Tech giants oppose social media screening proposal for travelers

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Internet giants and tech rights groups are rallying against a proposal by the Department of Homeland Security (DHS) that targets foreign travelers’ social media information.

Announced in June, the proposal seeks to add social media username details to the arrival and departure forms that foreign nationals are required to complete. The DHS has previously stated that the policy would provide it with another tool with which to identify extremists entering the country.

A number of leading tech companies, represented by their main trade group the Internet Association, came out in opposition to the proposal on Monday, reports Politico. The firms — which include Google, Facebook, and Twitter — claim the DHS’ plans could “have a chilling effect on use of social media networks, online sharing and … free speech online.”

“Should the U.S. Government advance with the DHS proposal it is probable that other countries will make similar requests of visitors entering their country, including U.S. citizens,” the companies wrote in comments to the agency. “This will be true for democratic and non-democratic countries alike, including those that do not have the same human rights and due process standards as the U.S.”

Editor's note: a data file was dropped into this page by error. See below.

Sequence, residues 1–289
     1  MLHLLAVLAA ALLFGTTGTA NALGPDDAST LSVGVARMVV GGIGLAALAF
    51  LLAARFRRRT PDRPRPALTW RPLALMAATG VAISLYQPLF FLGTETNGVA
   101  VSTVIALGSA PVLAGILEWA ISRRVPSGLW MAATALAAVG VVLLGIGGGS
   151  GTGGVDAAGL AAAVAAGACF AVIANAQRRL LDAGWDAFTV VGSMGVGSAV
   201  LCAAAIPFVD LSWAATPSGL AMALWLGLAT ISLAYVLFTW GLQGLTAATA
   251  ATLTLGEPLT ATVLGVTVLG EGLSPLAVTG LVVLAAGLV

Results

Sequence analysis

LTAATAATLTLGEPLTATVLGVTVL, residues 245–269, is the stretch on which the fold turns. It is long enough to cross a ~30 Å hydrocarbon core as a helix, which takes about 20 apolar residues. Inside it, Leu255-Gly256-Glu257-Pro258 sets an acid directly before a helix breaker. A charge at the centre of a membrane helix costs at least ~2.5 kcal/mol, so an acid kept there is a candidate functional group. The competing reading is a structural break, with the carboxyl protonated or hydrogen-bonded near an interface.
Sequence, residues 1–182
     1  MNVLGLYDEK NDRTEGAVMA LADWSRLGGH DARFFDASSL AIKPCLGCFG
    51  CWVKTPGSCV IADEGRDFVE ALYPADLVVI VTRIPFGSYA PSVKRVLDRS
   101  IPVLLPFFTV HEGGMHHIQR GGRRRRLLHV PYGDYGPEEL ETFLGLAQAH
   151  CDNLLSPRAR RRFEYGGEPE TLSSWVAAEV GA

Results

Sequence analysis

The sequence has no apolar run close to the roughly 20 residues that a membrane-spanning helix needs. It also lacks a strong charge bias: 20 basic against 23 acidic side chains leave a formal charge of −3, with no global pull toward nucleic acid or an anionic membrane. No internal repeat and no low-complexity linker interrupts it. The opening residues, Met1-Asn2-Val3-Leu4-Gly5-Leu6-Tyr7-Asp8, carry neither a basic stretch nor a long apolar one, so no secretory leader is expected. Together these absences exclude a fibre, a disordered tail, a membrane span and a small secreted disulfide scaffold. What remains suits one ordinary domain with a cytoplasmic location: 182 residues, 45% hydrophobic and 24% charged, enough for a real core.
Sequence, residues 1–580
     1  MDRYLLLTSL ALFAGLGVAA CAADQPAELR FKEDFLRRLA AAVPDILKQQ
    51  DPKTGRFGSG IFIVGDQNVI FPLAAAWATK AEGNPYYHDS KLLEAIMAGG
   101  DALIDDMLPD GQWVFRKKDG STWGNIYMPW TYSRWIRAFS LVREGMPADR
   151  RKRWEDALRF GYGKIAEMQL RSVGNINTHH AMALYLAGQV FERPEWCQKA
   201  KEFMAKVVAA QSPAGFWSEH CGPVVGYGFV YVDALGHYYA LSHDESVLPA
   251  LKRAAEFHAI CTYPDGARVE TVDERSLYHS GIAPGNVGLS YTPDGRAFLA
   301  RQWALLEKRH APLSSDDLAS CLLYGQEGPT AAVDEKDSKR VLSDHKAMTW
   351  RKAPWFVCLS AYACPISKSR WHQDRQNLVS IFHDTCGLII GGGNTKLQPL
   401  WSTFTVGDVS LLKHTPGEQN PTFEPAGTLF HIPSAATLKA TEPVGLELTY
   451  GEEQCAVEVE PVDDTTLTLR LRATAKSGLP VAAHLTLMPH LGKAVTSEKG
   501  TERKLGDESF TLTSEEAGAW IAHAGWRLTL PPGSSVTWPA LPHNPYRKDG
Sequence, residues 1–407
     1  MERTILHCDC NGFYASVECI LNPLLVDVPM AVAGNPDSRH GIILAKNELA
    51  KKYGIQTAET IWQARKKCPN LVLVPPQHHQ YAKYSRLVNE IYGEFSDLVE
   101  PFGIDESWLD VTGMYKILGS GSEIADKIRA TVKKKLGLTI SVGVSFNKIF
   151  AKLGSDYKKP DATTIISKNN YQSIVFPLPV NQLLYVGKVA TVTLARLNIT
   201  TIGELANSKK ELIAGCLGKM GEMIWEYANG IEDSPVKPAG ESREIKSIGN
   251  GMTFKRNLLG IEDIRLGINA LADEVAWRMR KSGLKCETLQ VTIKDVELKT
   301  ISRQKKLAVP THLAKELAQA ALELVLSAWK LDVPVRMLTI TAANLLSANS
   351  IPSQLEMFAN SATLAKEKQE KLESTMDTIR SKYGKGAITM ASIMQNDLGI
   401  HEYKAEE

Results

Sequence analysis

In response, the DHS has emphasized that even if enforced the policy would only make it “optional” for travelers to provide their social media information.

Additionally, the draft rule is also facing criticism from a coalition of 28 rights groups. A letter addressing the DHS published on the Center for Democracy and Technology’s website states: “This program would invade individual privacy and imperil freedom of expression while being ineffective and prohibitively expensive to implement and maintain.” Other signees include the Electronic Frontier Foundation, the Committee to Protect Journalists, and the Consumer Federation of America.

The DHS has been under pressure to formulate a social media policy since the San Bernardino mass shooting, the perpetrators of which had been posting extremist content online in the lead-up to the attack. Initially, the “social media identifiers” sought by the DHS had been restricted to travelers with visa applications. The current proposal, however, extends the rule to apply to those travelling without a visa.

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